New methods for measuring incrementality in retail media are still being developed. This includes:

Measuring Incrementality: Data 

Different types of data are necessary for accurately measuring incrementality. 

These data types include:

  • Deterministic data. Deterministic data is highly accurate, using precise user data, like login data, user IDs, or info pulled from loyalty programs. This data type should be prioritized to form the baseline of incremental analysis due to its accuracy. 
  • Probabilistic data. Probabilistic data predicts user behavior using statistical techniques and should be used in multi-platform scenarios -- and ideally, only when deterministic data is insufficient. 

Key data sources for measuring incrementality include:

  • Media spend data. One of the most commonly used data sources. This is the spend on each channel from impressions or clicks, and is a kind of deterministic data. 
  • Sales data. The other most commonly used data source. This includes marketing KPIs and is a kind of deterministic data. 
  • Competitor and market conditions data. This data is usually sourced from third parties or public databases.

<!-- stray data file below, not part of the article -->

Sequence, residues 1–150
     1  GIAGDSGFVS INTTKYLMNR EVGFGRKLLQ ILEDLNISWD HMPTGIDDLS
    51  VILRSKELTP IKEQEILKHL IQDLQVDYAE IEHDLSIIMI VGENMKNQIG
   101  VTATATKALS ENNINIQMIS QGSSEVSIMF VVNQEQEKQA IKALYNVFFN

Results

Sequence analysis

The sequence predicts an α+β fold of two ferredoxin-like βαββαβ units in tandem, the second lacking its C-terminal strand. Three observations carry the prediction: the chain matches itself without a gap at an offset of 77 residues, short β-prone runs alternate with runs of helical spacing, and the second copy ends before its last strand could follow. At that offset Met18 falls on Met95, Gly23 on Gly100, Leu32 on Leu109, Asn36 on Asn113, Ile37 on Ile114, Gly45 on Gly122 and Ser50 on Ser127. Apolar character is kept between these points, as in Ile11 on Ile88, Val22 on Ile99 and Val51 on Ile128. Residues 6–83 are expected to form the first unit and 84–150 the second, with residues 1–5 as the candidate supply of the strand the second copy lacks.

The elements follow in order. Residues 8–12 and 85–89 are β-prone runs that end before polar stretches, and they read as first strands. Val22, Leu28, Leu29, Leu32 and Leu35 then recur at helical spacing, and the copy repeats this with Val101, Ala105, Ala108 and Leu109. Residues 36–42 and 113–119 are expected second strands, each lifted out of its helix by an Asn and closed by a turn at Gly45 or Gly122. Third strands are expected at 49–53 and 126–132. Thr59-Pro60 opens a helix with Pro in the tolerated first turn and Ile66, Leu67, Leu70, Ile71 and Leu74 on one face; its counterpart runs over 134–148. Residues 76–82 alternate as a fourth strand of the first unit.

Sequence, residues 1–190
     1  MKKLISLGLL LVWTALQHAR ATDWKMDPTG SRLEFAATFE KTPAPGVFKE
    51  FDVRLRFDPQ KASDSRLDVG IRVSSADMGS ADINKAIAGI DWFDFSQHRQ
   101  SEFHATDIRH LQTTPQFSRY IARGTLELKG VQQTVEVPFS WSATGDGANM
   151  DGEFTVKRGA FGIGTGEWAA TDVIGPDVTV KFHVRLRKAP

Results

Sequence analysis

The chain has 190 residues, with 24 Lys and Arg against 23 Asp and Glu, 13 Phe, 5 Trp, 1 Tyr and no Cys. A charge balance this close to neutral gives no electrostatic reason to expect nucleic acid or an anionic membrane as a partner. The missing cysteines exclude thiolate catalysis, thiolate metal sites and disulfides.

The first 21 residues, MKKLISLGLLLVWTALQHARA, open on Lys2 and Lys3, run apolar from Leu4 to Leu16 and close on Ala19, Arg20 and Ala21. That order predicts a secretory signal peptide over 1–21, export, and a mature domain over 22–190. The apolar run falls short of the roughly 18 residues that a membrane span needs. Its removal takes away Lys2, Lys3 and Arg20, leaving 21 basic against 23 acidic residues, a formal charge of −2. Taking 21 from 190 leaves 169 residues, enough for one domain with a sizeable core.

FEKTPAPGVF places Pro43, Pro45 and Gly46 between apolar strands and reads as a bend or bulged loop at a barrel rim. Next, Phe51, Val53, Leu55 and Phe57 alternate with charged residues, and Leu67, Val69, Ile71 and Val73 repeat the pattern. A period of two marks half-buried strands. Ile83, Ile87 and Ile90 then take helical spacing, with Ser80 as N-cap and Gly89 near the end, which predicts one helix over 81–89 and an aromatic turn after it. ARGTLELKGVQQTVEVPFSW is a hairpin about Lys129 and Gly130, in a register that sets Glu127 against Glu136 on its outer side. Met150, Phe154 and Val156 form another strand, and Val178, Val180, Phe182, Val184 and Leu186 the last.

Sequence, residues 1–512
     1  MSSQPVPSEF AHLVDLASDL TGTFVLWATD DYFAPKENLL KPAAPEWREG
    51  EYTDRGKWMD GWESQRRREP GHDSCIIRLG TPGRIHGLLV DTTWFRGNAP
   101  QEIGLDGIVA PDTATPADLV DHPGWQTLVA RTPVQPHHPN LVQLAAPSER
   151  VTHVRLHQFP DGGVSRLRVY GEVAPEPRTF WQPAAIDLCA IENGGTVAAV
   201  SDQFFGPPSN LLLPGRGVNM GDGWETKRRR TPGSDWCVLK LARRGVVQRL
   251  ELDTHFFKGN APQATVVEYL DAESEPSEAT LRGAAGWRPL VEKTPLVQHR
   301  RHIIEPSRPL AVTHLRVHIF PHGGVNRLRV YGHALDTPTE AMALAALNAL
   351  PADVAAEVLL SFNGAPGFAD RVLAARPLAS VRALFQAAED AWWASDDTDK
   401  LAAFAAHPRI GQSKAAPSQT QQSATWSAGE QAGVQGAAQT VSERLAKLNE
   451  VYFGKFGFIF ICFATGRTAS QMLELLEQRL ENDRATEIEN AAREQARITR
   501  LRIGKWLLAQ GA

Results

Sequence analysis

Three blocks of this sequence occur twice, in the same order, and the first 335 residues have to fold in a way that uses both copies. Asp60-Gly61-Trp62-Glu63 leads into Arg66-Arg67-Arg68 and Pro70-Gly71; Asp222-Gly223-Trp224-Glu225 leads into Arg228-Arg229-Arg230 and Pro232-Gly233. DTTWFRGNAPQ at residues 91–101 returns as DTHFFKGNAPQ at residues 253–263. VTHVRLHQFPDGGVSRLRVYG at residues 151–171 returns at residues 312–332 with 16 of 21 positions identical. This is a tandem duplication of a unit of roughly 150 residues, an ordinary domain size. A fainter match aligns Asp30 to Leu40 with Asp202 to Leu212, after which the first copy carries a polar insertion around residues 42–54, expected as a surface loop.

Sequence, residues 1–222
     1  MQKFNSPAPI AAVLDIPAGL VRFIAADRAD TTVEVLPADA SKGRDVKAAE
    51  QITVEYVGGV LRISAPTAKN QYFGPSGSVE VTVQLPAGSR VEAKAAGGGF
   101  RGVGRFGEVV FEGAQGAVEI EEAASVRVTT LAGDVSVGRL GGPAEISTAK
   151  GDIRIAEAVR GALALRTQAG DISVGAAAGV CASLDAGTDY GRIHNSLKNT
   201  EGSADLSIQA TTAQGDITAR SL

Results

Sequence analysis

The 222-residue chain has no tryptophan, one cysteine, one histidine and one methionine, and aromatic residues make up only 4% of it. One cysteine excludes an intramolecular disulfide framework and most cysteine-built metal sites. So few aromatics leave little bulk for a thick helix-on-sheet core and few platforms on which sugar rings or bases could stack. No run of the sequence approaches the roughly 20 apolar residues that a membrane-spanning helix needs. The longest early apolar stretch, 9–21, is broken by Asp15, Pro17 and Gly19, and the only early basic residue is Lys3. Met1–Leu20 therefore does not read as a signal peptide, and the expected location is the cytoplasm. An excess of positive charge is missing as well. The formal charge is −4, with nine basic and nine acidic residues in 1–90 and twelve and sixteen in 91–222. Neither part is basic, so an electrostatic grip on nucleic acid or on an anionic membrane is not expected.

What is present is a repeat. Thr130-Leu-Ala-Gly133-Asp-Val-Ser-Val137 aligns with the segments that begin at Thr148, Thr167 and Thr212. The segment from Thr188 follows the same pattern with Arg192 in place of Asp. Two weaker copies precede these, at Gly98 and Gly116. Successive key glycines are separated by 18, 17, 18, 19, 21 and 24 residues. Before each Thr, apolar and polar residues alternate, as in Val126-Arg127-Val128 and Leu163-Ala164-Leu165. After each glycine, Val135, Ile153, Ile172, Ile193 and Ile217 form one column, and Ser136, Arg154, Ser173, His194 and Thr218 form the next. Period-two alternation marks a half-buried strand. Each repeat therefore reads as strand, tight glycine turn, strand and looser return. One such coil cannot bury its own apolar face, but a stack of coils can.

• Customer attitudinal data. This means things like customer sentiment and brand awareness, and is a kind of probabilistic data. 
  • Digital data. This is data from digital platforms, including click-through rates (CTRs) and web analytics data. 

Remember: Incrementality within the retailer’s ecosystem may not consider broader market impact. 

Measuring Incrementality: Transparency

MRC standards stress transparency in incrementality methodology, assumptions, and limitations. Here are some IAB-recommended best practices for transparency:

  • Ensure accuracy in data reporting and run periodic validation. For deterministic data, validate data completeness, consistency, and reliability. For probabilistic/synthetic data, use well-established statistical methods and validate models with actual data.
  • Retain raw data for auditing. Document data processing procedures.